WoW gold farmer Steve Bannon shilled dumb Chinese crypto before arrest
On Friday, Bloomberg ran a piece about Steve Bannon’s strange, China-centric $27 billion initial coin offering (ICO). On Monday, the Federal Bureau of Investigation (FBI) arrested him.
According to Bloomberg’s article published on November 12, Himalaya Coin reached its enormous market value within two weeks, after endorsements from former Donald Trump advisor Bannon and exiled Chinese billionaire Wengui Guo.
A promotional music video for Himalaya Coin featured Guo smoking cigars, relaxing on a yacht, and driving a sports car. Bannon and Guo promoted Himalaya Coin aggressively on social media.
- Bannon praised its “monumental” initial success in an interview that Guo shared on the social media site Gettr.
- Bannon also touted Himalaya Coin’s stablecoin, Himalaya Dollar, as an alternative to China’s yuan.
- He appealed to anti-Chinese Communist Party forces like the New Federal State of China and the New Chinese.
Unsurprisingly, Bannon has a lucrative business relationship with the only “exchange” (aptly named Himalaya Exchange) on which traders can buy or sell Himalaya Coin and its related stablecoin, Himalaya Dollar.
The deal enables entities doing business with Guo’s firms to buy products using the Himalaya Dollar.
Bannon hit with contempt of Congress
If you thought contempt of court was bad, you haven’t heard of contempt of Congress.
Bannon is presently indicted. He faces charges related to his snubbing of Congress in its investigation of the January 6 pro-Trump insurrection that briefly overthrew control of the Capitol.
Monday morning, Bannon surrendered to FBI forces. Feds quickly escorted him into a courtroom to face charges.
As a non-executive branch of government, Congress cannot directly enforce its subpoenas to testify before Congressional committees.
Although, it can (and in Bannon’s case, did) issue recommendations for indictments to the Justice Department for enforcement.
Bannon claims that a lawyer instructed him not to answer questions until after judges rule on other cases related to the insurrection.
Trump and associates love to pump
Former US President Trump certainly knows how to enrich his friends at the expense of the American public.
At a White House press conference, Trump endorsed a pharmaceutical deal with Kodak that accomplished nothing. (Kodak was the longest-running sponsor of Trump’s TV show, The Apprentice.)
Trump’s endorsement did, however, briefly send Kodak stock from $2.50 to $60 before ultimately collapsing 90% again within a month.
Similarly, Trump in October endorsed a blank-check company of his old colleague from Florida, Digital World Acquisition Corp.
This sent its shares from $10 to $175 before immediately tanking 65%, all within just two days.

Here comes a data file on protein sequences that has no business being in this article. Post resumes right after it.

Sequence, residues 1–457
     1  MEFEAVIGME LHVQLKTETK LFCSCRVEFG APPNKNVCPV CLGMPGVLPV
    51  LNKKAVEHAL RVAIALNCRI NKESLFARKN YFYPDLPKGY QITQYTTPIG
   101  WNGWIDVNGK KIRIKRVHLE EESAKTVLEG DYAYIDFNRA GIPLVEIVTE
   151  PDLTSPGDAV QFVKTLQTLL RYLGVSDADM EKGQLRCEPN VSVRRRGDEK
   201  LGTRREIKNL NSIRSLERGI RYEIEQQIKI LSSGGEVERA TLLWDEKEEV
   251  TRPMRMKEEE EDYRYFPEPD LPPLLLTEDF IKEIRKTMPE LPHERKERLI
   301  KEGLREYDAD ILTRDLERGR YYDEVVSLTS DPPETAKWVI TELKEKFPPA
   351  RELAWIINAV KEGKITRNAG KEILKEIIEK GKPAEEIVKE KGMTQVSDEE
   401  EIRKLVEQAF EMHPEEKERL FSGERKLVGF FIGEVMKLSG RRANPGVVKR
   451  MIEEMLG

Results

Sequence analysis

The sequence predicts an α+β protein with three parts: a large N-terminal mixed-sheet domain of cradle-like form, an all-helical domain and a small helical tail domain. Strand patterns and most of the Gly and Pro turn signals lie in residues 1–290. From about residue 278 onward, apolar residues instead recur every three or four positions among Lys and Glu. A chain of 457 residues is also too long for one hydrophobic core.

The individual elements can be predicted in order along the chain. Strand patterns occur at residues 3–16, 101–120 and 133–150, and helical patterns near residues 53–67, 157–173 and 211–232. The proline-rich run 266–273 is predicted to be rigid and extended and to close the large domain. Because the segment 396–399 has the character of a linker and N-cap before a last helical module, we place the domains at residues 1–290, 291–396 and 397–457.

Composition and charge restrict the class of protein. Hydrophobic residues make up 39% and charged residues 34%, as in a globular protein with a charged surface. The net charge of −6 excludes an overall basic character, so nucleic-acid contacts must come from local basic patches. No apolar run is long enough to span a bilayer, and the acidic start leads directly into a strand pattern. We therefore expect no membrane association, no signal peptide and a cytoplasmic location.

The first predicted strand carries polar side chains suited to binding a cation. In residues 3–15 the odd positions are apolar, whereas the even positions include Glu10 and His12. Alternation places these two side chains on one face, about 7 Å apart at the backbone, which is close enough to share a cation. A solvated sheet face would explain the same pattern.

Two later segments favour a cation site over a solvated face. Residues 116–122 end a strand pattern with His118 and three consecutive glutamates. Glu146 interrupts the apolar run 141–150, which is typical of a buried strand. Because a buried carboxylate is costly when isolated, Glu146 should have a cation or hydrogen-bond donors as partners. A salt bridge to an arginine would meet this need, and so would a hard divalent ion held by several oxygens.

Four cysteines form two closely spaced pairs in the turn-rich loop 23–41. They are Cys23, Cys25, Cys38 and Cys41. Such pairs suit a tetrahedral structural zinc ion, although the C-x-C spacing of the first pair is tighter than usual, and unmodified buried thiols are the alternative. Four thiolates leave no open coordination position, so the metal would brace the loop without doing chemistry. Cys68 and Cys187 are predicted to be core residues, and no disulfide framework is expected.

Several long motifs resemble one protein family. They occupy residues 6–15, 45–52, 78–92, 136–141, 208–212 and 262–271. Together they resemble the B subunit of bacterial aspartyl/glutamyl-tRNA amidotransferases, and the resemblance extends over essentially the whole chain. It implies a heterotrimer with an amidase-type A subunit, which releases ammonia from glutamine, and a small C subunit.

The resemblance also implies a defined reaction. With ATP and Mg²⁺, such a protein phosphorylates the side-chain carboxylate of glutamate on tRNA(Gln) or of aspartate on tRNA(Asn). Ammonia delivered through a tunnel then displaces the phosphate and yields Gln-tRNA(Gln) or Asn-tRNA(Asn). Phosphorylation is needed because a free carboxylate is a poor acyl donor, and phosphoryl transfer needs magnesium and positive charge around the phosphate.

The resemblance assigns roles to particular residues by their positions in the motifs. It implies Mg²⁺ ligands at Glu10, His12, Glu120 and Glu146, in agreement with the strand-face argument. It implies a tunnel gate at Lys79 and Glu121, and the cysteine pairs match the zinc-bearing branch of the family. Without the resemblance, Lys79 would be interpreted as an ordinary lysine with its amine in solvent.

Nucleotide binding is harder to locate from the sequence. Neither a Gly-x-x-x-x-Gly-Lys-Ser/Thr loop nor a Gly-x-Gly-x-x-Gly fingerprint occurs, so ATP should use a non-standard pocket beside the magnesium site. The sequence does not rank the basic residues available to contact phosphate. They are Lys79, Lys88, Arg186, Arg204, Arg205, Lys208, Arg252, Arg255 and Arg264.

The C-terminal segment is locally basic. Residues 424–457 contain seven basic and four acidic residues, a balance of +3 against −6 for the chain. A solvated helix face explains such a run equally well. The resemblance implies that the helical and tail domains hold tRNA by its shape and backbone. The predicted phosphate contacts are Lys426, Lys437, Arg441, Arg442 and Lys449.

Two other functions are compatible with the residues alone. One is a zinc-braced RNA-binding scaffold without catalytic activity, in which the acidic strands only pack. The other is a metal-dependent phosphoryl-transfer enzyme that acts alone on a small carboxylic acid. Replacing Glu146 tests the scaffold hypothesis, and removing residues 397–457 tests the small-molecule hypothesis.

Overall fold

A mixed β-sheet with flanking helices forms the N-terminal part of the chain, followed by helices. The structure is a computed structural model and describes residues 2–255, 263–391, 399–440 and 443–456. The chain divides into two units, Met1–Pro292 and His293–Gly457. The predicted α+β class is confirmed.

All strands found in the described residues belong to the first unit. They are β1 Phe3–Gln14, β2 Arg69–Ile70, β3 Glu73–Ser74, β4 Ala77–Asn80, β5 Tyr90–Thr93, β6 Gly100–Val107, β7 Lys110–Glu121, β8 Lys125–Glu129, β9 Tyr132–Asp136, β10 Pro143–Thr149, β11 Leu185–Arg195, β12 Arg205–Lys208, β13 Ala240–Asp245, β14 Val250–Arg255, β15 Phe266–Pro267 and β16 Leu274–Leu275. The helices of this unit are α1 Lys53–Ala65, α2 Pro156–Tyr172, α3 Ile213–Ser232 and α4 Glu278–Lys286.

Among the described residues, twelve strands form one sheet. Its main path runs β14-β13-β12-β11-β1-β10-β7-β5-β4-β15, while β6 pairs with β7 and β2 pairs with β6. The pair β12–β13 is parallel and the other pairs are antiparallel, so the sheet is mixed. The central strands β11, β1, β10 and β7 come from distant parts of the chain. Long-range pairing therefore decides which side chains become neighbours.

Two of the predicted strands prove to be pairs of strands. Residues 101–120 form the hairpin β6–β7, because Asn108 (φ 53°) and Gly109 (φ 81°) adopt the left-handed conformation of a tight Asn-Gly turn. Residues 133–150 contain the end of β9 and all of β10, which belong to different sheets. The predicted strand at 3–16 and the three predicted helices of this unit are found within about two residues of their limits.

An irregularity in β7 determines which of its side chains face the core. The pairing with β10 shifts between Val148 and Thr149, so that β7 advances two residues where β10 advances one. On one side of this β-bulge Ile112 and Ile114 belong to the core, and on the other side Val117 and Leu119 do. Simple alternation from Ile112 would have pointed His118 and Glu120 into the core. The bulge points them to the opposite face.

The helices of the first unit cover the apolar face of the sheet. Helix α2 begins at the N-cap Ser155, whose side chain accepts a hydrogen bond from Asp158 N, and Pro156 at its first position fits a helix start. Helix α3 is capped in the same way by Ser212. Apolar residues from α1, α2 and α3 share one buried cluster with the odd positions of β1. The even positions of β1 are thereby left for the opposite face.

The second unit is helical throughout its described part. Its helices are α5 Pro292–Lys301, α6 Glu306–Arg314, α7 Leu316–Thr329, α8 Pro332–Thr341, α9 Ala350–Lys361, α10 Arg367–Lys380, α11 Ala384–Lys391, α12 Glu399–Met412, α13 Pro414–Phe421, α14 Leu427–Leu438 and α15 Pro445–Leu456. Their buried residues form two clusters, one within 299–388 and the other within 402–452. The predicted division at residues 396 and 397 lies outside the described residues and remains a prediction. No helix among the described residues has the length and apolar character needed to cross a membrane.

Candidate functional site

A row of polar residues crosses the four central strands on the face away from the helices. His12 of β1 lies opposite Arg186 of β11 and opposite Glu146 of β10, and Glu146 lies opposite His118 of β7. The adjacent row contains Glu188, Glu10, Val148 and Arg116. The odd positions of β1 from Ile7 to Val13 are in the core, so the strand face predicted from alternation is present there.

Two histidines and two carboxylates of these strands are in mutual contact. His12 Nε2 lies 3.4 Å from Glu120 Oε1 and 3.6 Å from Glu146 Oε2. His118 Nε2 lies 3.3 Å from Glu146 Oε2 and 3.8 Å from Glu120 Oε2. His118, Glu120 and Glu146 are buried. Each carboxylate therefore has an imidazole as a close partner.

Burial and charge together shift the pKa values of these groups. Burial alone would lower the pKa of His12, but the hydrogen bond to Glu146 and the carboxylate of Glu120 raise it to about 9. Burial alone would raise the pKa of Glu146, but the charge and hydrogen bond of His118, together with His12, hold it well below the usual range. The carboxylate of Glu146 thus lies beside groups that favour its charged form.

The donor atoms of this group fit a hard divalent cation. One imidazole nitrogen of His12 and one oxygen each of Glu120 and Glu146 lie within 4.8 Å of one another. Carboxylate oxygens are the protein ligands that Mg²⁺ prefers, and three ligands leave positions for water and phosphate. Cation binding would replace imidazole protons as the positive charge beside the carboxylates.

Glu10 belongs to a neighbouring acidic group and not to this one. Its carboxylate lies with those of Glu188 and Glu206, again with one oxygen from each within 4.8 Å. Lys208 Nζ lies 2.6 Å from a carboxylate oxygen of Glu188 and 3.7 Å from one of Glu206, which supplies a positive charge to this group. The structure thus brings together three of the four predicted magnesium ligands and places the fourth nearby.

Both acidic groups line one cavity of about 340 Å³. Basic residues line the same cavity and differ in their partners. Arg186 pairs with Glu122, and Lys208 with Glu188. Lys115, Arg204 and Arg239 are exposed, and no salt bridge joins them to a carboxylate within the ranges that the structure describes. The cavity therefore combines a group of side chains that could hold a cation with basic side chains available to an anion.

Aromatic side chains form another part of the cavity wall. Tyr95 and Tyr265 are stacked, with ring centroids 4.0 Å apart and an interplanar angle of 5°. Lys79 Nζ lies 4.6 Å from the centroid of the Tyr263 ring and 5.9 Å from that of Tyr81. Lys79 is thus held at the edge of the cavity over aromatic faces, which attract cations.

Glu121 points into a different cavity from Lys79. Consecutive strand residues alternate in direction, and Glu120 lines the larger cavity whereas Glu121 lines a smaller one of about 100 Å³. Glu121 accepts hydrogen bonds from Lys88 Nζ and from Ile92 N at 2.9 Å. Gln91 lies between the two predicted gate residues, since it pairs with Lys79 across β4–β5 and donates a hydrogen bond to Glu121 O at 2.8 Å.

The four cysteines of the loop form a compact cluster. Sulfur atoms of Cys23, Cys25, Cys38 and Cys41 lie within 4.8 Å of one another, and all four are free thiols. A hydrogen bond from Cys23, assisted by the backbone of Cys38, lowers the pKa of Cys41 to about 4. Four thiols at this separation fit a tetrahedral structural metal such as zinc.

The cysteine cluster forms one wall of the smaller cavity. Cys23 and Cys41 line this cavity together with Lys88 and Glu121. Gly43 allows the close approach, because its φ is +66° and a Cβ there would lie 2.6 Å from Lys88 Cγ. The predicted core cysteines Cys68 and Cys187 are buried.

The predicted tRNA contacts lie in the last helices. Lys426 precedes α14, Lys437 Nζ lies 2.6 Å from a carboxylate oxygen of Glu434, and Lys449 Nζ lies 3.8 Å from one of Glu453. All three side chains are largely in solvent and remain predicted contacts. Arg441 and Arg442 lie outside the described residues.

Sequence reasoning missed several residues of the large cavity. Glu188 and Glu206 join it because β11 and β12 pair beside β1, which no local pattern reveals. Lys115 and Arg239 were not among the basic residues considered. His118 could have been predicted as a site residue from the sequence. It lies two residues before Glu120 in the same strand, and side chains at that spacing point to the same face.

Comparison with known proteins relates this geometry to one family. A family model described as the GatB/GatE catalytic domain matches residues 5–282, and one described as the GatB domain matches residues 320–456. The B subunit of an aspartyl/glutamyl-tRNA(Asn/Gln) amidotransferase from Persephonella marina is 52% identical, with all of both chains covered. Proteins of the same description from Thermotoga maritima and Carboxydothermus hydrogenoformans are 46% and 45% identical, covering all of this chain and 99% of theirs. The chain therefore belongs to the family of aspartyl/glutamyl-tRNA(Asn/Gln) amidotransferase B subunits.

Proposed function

Trump endorsed FHFA director Mark Calabria in early 2013, who promised to (but never did) help end the conservatorship of Fannie Mae.
Billionaire John Paulson, who hosted the $500,000-per-person dinner fundraiser for Trump, is one of Fannie Mae’s largest shareholders.
That endorsement sent shares from $0.30 to $6.35 before sinking back to $1.
This week, Trump’s former bosom buddy Bannon, pumped a new crypto just days before his arrest.
Himalaya promises wallet and another ICO, echoing scams before it
Indeed, right up until Bannon’s arrest, he was actively extracting funds from Chinese netizens who clearly believed that he would, at the very least, not be in jail after they bought his cryptocurrency.
With Bannon likely unable to manage the development of the very token he promoted, and a scathing Bloomberg investigation into the funneling of its proceeds, Himalaya Coin faces gale force headwinds.
- His Chinese partner, billionaire Wengui Guo, promoted Himalaya Coin (“H-Coin”) on his YouTube channel, which has about 419,000 subscribers.
- Guo fled China in 2014 in anticipation of corruption charges and has since been unsurprisingly critical of the CCP. He currently lives in the US.
- Britain’s Interpol released a notice in 2017 to worldwide law enforcement agencies that Guo is a fugitive.
Himalaya Exchange promotes Himalaya Coin. It claims Himalaya Coin is easy to buy, sell, and spend with low transaction fees — but so is any cryptocurrency with centralized control.
The platform says it’s working on a mobile app on which holders can store their tokens (a tailored crypto wallet is another common ploy to lure investors).
Himalaya Dollar is an upcoming stablecoin that can be exchanged with the US Dollar, allegedly, at a 1:1 rate.
Himalaya Exchange plans to issue Himalaya Dollar in another private sale.
Bannon’s GTV Media already settled with the SEC
Like any new coin or project in the crypto world, longtime followers of digital assets may wonder whether Himalaya Coin is legit.
GTV Media Group, which Bannon and Guo formed in early 2020, paid $539 million in fines as part of a settlement with the SEC in September.
The SEC alleged that GTV Media Group had conducted an illegal sale of shares and digital securities known as G-Shares and G-Dollars.
Himalaya Exchange officially launched on November 1. Some traders promptly reported problems with logging in and using the platform. Others mentioned issues with Know-Your-Customer verification.
CoinMarketCap has not listed Himalaya Dollar or Himalaya Coin due to insufficient and unreliable tokenomics and pricing information.
Past projects promoted by well-known names like Steven Seagal and Kim Kardashian have turned out to be scams.
Steven Seagal reportedly earned $1 million in cash and tokens for promoting the fraudulent Bitcoiin2Gen and was fined $330,000 in a settlement with the SEC.
The UK Financial Conduct Authority (FCA) chief Charles Randell criticized Kim Kardashian for promoting Ethereum Max, a SafeMoon clone with all the hallmarks of a crypto Ponzi game.
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